By Jorge Reyes
I am reading an almost 1,000 page novel titled Shantaram by Gregory David Roberts. The basic plot of the book, loosely based on the author's own life, is about a man who escapes from prison in Australia (where he was serving a 19-year sentence for armed robbery, which he committed to maintain his heroin addiction) before fleeing to India. By fleeing, he in essence becomes a lifelong fugitive. In India, among many things, he reinvents himself and becomes a "doctor" for people living in a Bombay slum of twenty five thousand families.
The novel, full of amazing stories within stories, describes a religious sect known as the Standing Babas, who have vowed to remain standing for many years. Here's a quote from the book about them.
''Bajrang Das, a 'standing' baba, who never sits down, day and night. He sleeps standing too, hanging over this swing. A metal chastity belt covers his genitals.
''A ‘standing’ Baba, who is called khareshwari, has taken the vow not to sit or lie down for twelve years. He may rest one leg by hanging it in the sling under his swing. It is a painful austerity: the swollen legs and feet tend to develop persistent ulcers.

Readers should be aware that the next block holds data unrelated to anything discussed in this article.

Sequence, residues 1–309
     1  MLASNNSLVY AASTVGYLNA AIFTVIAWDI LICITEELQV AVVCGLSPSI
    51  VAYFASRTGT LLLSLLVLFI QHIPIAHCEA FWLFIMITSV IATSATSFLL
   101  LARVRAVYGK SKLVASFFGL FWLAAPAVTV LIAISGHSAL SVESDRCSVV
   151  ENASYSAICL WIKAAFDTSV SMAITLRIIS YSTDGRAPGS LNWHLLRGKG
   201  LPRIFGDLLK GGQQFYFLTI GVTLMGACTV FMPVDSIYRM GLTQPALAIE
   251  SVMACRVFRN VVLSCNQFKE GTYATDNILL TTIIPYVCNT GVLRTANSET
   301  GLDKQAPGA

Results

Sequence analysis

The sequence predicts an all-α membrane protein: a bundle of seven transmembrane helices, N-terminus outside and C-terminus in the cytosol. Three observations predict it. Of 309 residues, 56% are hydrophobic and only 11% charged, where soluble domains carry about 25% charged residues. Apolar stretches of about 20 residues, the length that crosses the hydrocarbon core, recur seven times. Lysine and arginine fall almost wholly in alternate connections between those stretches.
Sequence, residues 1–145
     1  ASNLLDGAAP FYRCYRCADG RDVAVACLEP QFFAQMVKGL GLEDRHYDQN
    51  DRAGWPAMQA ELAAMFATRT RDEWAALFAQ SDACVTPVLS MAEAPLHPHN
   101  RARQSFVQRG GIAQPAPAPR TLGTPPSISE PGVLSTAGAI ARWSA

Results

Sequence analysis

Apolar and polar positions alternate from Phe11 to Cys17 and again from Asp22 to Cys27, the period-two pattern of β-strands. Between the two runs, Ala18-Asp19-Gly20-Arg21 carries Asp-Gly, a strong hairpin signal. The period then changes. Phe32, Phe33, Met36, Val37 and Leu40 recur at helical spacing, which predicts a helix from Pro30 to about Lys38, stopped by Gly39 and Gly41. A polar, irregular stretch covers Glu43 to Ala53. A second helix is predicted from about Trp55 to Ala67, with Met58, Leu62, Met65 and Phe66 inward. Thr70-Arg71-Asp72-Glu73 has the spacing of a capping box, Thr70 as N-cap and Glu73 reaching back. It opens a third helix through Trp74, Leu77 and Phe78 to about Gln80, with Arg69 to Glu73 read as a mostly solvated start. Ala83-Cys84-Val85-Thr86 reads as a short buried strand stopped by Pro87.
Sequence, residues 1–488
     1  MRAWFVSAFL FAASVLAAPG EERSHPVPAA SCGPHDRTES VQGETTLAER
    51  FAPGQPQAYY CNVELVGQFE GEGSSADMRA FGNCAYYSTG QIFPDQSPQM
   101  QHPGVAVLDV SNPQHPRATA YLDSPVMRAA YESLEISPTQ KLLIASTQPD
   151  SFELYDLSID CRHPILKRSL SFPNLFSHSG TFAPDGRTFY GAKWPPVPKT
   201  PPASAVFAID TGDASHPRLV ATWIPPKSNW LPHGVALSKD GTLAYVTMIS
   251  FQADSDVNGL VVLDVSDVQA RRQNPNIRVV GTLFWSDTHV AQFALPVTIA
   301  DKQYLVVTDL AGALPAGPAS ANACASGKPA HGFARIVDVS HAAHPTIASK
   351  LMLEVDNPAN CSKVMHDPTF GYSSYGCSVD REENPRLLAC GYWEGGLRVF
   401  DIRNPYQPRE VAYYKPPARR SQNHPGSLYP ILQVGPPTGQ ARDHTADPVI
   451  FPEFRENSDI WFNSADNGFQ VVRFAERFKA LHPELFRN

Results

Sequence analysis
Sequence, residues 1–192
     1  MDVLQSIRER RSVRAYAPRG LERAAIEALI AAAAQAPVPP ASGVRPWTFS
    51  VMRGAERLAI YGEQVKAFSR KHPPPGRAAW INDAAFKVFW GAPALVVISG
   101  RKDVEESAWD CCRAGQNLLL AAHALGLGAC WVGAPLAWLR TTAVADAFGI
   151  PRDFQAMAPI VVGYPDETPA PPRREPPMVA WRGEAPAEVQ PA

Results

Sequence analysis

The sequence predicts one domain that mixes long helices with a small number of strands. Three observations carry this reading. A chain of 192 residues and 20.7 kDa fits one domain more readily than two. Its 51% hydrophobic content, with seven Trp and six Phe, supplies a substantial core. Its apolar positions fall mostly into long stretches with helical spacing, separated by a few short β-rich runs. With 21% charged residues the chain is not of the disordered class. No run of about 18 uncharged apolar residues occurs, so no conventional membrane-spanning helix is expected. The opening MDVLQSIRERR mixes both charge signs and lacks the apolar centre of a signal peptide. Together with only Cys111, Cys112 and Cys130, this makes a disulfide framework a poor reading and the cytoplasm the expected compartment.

''Khareshwaris may walk about, but usually just hang in their swing in their corner -- and stand.''
I have yet to finish reading this beautifully crafted and complex novel. But thinking that the standing babas was a fictional ploy, I researched them online and to my even greater disbelief I discovered that the standing babas are real.
As I quoted above, members of this religious group actually make a vow never to sit, not even to sleep. They stand for a specified number of years, 12 years seems to be the target, or they commit themselves never to sit for the remaining of their lives. To read that particular chapter on the standing babas is to almost to feel the pain and misery these people must endure for their religious beliefs.
Gorsuch, London, Republican Party: Your Thursday Evening Briefing - Here’s what you need to know at the end of the day.
35 minutes ago